Sunday, November 29, 2009

Part 2: Photography with Imre Z. Balint: Episode 3 – Sensitivity

The topic of sensitivity in itself is quite simple to understand and demonstrate, but gets much more involved when tying it together with aperture and shutter speed to achieve the image you want. With a little practice though, it’s not that hard to master... or at the least, become proficient at getting the right settings.

When I was editing my video, I wish I would have left a section in that discussed some ISO settings for varying lighting conditions and how I generally evaluate a scene when I take photos. So at the least here is the written version (although I may just make a video addendum to episode 3 later).

General ISO Setting Guidelines
In regard to setting the sensitivity of my camera, I usually base it on the amount of available light and use the smallest ISO value I can for that situation:

ISO 100 – For lots of light, usually outdoor shooting on sunny days
ISO 200 – For outdoor shooting on cloudy days
ISO 400 – Bright indoor conditions
ISO 800 and up – Dark indoor conditions or night shooting / astro-photography

Now I want to really emphasize that the above should only be considered a general guideline, and because photography can be both an art form and require bending of the rules to get what you want, you may likely disagree with the above... frankly so do I. For example, when I shoot longer exposure images (e.g. star trails or aurora), I prefer to use ISO 100 to reduce the amount of noise in the image. But some photographers may like to get crisper details in their aurora photos and use 1600 or 3200 ISO instead to increase the shutter speed.

This also does not take in account if you’re using a flash. When I work in my studio, although usually a dark place, there is an ample amount of light when the strobes go off. So in that case, I’m back to ISO 100.

Aperture can also affect what ISO setting you may need. I enjoy macro photography, but when you get close to tiny subjects (like insects), the depth-of-field (DOF) also decreases. So I up my f-number to something around F8 or F10 (to increase DOF)... but that of course restricts the amount of light passing through the lens. Therefore, even if it’s a sunny day, my shutter speed may become too low for me to hand-hold my camera without getting a blurry image. To compensate, I raise the ISO value higher to get a shorter exposure.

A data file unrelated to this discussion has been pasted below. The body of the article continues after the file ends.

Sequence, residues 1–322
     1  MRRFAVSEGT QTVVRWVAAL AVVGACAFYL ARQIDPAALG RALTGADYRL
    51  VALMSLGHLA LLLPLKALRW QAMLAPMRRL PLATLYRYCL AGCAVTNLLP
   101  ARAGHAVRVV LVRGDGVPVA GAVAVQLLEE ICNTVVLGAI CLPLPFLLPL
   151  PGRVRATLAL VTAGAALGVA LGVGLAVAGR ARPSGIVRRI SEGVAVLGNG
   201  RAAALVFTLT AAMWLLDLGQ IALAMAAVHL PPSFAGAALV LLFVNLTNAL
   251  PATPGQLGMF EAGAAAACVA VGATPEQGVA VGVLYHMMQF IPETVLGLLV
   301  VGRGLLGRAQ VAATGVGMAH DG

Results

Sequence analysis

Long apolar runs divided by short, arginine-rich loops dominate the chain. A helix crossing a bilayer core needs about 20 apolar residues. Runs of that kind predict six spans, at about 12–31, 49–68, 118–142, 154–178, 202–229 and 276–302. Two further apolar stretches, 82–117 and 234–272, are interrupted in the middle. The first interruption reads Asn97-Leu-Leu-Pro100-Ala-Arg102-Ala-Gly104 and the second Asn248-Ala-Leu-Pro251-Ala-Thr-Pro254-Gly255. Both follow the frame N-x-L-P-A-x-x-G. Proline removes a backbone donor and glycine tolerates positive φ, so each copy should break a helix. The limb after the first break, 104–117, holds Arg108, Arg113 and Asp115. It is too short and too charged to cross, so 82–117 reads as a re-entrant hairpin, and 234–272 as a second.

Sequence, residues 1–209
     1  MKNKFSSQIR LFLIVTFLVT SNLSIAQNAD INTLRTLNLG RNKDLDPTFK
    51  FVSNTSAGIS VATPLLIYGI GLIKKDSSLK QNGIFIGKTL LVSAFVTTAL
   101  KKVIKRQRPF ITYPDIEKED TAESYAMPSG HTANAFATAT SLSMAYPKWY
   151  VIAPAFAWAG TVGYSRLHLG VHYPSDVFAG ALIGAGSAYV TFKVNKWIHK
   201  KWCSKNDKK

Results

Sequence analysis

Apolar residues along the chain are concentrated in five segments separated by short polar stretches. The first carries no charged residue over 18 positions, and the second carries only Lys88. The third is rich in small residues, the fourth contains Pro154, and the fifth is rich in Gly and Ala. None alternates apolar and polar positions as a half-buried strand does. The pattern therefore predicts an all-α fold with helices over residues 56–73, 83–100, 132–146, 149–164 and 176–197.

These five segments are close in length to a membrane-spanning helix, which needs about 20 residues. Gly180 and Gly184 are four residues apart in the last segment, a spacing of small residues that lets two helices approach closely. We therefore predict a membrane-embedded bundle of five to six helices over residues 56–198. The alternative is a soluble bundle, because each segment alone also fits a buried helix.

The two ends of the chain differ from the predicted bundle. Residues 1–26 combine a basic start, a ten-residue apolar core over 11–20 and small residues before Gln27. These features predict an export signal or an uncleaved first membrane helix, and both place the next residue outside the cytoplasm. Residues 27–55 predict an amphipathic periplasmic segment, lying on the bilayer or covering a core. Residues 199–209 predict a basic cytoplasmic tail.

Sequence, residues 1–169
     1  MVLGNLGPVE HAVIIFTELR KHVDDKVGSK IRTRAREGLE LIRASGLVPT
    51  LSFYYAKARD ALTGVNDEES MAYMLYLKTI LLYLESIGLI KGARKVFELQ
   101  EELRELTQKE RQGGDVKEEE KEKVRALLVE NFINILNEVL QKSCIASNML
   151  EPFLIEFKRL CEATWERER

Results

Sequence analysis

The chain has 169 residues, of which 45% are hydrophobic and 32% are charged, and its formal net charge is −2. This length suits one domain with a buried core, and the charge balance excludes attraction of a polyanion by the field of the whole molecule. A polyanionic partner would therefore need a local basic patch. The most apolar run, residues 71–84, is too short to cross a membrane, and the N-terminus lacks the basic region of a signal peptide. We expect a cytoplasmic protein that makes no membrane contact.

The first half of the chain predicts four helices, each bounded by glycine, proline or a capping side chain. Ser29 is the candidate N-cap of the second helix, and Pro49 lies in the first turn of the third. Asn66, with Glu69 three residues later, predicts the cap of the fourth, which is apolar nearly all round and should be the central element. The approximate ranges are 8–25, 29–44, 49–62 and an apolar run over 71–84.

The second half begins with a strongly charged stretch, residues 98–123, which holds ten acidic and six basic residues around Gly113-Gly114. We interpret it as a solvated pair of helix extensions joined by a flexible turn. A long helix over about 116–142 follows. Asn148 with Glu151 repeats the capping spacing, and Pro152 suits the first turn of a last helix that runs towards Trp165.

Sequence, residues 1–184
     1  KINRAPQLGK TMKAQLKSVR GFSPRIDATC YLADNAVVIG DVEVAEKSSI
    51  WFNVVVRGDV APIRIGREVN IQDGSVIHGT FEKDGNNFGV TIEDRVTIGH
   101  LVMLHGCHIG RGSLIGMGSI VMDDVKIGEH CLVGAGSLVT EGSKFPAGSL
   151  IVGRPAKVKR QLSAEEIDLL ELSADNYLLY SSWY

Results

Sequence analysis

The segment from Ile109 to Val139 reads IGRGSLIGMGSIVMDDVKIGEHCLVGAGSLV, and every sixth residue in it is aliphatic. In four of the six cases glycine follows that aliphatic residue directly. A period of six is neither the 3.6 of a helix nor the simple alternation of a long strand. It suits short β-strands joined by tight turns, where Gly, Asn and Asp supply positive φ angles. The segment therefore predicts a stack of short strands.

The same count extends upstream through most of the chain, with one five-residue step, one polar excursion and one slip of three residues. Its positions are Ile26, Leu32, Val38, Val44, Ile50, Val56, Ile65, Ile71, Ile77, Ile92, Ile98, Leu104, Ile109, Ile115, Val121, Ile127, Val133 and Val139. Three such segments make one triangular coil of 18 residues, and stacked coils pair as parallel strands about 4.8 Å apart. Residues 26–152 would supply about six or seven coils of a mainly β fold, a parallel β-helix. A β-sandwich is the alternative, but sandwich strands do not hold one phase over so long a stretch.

Steps to Consider Before Taking a Photo
This brings me to how I evaluate a scene before I take a photo. Again, this is just a general guideline, but a good starting place if you’re new to photography. And I want to highlight that I most commonly use the Aperture Priority (that “A”) setting when taking pictures; the steps below assume that.
  1. First I begin by evaluating how much light is available... in other words, I look around.
  2. Based on my observation, I set my ISO to a level where I believe I’ll get a decent shutter speed and the least amount of digital noise in the image.
  3. I set my aperture to my liking. At this point, I check what my shutter speed is, because as mentioned earlier, the aperture setting could force me to either open wider or turn up the ISO. In addition, I often set my aperture before setting my ISO, so again, this is where you’ll likely end up forming your own style when taking photos.
  4. Yup, I take my shot.
Although these few steps are at a basic level and don’t include such things as special needs (e.g. tripod, flash, etc.) or composition, it’s an easy place you can start.

Links to Sites on this Topic:
And now for some useful website links that detail camera sensitivity and digital noise: - The standards organization - Wiki on the standards body - About the ISO setting - About ISO on - About film speed - Wiki on image noise - About sensor noise

No comments:

Post a Comment

You may comment, but if it's spam or advertising, I'll be deleting your comment and blocking your arse!